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Do Your Learning Efforts Deliver Business Value?

More and more business leaders are embracing the need for employee development. You might not believe it, especially if you’ve experienced budget cuts recently. But have you stopped to think whether those cuts were deserved? 

Leaders cut budgets when what you provide doesn’t deliver relevant value for their needs. How do your training solutions address business needs, add value, and remain relevant? 

Every organization, including yours, has something that leaders refer to as a value chain. A value chain illustrates the value a company creates, from sourcing initial resources (raw materials) to completing the end product or service, minus what that product or service cost to create. This reflects the organization’s profit margin. The more value an organization creates, the more profitable it is likely to be. Michael Porter, a leading Harvard strategist, first introduced this concept in his 1985 book, Competitive Advantage

What does this have to do with you learning efforts? Everything, if you want your efforts to be relevant and don’t want to see another budget cut. First off, you must discover your organization’s value chain and which of the primary value chain activities add the most value. (This could be through efficiencies, profitability, or growth.) Effective learning practitioners discover and monitor specifically what, how, when, and where their organization creates value. Then they target those areas to identify skills needs in relation to business activity purpose to ensure that any proposed learning effort delivers value. 

In addition, learning departments need to become lean. The term "lean" has grown in popularity with trends like lean productivity, lean analytics, and lean start-up. But typically, most people shudder when a business leader says the word, especially to those supporting activities like learning and development. Why? Because many translate this to mean cost reductions, which makes sense. The word originates from when we ask our neighborhood butcher for a lean piece of meat or to trim of the fat (also a common business phrase). So, it is not a stretch to associate lean with cost-cutting measures. 

But experienced lean practitioners never see lean as a cost-cutting approach but rather as a cost reallocation practice. For example, for organizations like Toyota (the company that initiated lean manufacturing principles), lean is about reallocating limited resources to activities that create value and eliminating waste in the process. They also consciously leverage lean to capture learning opportunities. For Toyota, learning is not an afterthought as it is for some competitors. The company’s integrative thinking encourages continuous learning within and throughout the production and delivery process allowing opportunities to develop more innovative, quality-driven offerings. Competitors that don’t encapsulate learning within their lean process wonder how Toyota maintains a high standard and market leadership position.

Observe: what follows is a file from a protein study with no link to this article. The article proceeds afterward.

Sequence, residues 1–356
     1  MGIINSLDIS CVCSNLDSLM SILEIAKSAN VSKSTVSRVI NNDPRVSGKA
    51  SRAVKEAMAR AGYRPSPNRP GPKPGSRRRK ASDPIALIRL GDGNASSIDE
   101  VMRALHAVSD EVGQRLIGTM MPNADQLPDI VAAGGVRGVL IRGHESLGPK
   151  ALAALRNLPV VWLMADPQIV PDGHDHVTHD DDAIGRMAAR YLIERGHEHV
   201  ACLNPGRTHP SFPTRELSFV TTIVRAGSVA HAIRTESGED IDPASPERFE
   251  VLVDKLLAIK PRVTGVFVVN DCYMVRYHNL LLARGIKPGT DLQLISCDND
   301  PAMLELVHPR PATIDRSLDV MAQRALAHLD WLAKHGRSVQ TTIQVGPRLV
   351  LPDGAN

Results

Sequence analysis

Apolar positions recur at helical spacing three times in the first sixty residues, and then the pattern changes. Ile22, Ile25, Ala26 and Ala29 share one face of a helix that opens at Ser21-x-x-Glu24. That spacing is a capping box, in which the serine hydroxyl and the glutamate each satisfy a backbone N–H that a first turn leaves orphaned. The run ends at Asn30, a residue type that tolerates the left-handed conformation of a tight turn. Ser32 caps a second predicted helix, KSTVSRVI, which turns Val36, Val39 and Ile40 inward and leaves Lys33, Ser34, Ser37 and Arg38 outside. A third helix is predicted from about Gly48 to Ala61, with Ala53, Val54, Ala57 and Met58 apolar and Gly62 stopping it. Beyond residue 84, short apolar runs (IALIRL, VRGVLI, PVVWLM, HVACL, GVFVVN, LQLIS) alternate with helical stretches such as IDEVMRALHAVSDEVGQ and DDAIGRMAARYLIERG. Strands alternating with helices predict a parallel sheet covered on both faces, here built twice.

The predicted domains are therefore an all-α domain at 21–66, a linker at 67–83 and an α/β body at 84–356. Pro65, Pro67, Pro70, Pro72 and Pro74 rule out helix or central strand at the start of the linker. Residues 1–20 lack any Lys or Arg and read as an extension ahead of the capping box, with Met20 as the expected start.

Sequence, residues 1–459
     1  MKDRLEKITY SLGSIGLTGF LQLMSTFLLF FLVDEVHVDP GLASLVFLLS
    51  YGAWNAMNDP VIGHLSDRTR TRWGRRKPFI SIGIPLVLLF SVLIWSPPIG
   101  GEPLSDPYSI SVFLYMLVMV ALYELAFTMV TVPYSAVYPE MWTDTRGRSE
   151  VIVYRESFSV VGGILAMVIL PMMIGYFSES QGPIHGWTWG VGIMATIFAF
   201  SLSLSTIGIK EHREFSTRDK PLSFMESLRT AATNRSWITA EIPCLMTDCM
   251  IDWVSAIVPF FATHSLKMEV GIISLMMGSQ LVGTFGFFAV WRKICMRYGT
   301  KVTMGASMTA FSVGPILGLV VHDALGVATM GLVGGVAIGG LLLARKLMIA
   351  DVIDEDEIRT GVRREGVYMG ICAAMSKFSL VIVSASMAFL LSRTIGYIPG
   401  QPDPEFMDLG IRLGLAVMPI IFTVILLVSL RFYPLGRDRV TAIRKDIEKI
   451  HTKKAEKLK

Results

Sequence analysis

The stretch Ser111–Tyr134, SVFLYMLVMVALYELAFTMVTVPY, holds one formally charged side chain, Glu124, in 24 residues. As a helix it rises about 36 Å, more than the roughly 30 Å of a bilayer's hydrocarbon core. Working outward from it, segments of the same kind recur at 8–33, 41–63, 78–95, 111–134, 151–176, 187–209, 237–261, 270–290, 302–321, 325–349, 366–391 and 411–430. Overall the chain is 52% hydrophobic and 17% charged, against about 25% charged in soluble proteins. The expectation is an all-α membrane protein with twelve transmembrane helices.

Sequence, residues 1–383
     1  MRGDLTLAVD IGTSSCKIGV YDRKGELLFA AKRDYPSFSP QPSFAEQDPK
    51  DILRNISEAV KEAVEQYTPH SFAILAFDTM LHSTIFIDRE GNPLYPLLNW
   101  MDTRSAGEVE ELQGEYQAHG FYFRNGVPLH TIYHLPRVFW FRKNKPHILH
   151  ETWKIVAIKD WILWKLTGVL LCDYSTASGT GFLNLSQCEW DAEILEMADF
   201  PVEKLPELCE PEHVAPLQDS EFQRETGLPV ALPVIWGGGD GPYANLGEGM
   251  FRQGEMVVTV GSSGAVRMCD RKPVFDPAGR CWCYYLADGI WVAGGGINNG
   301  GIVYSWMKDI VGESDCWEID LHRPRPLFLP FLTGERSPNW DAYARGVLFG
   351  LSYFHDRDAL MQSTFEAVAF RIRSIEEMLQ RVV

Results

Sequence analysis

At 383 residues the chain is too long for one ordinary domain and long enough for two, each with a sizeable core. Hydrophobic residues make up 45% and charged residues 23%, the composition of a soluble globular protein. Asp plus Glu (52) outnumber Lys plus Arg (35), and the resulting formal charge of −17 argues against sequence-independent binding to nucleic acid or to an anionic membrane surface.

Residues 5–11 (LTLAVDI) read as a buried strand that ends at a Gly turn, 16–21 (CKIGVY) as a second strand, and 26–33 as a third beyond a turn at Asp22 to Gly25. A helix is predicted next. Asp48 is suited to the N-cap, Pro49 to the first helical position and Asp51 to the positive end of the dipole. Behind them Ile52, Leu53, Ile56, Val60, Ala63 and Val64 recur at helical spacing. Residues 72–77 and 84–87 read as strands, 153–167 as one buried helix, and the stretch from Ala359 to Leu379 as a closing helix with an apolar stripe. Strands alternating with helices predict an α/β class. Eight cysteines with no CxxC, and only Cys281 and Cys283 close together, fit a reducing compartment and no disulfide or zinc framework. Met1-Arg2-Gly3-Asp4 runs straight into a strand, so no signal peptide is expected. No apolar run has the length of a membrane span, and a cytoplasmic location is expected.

Lean is not only for manufacturing. It applies to any business process and is a growing trend as progressive organizations around the world are implementing lean with the same learning thinking approach and vigor as Toyota. This is a testament to their respective learning departments’ proactive approach and adaptability. 

It’s unlikely that Toyota’s learning team would ask, “Why are they cutting my budget?” Rather, because they exist in a lean, value-driven environment, the company’s learning is also lean. So its learning practitioners probably ask themselves, “How do we create more learning value with the resources we have?” and “What doesn’t add value to the learning and development process?” 

Business leaders who insist on lean learning flip the learning paradigm. Their learning efforts get employees to actively pull learning into their activities rather the traditional approach where learning is pushed upon them. 

You might think that would never work for your company. To certain extent you are right. It is a cultural shift that begins with your leaders seeing how knowledge contributes to business value. But you need to prove that learning can add value if you want your leaders to think differently. You can sit back and hope for the best, wishing that your business leaders have a change of heart or, you can be proactive like your Toyota colleagues. 

Hopefully, you will choose the latter. Begin by identifying your organization’s primary value creation activities. Then, target areas requiring precise learning solutions (working with the business unit stakeholders, of course). And finally, develop lean learning interactions that limit work disruptions and maximize the resources available to you and your internal client. Doing these few steps will get the attention of business leaders and lead you on a path to becoming a lean learning practitioner.


© 2016 ATD, Alexandria, VA. All rights reserved.

About the Author
Ajay Pangarkar is is a co-founder of and, and co-author of The Trainer’s Balanced Scorecard: A Complete Resource for Linking Learning to Organizational Strategy. He is a Chartered Professional Accountant (CPA), Certified Management Accountant (CMA), and a Certified Training and Development Professional (CTDP).
About the Author
Performance management expert Teresa Kirkwood is co-founder of and With Ajay M. Pangarkar, she is co-author of The Trainer’s Balanced Scorecard: A Complete Resource for Linking Learning to Organizational Strategy.
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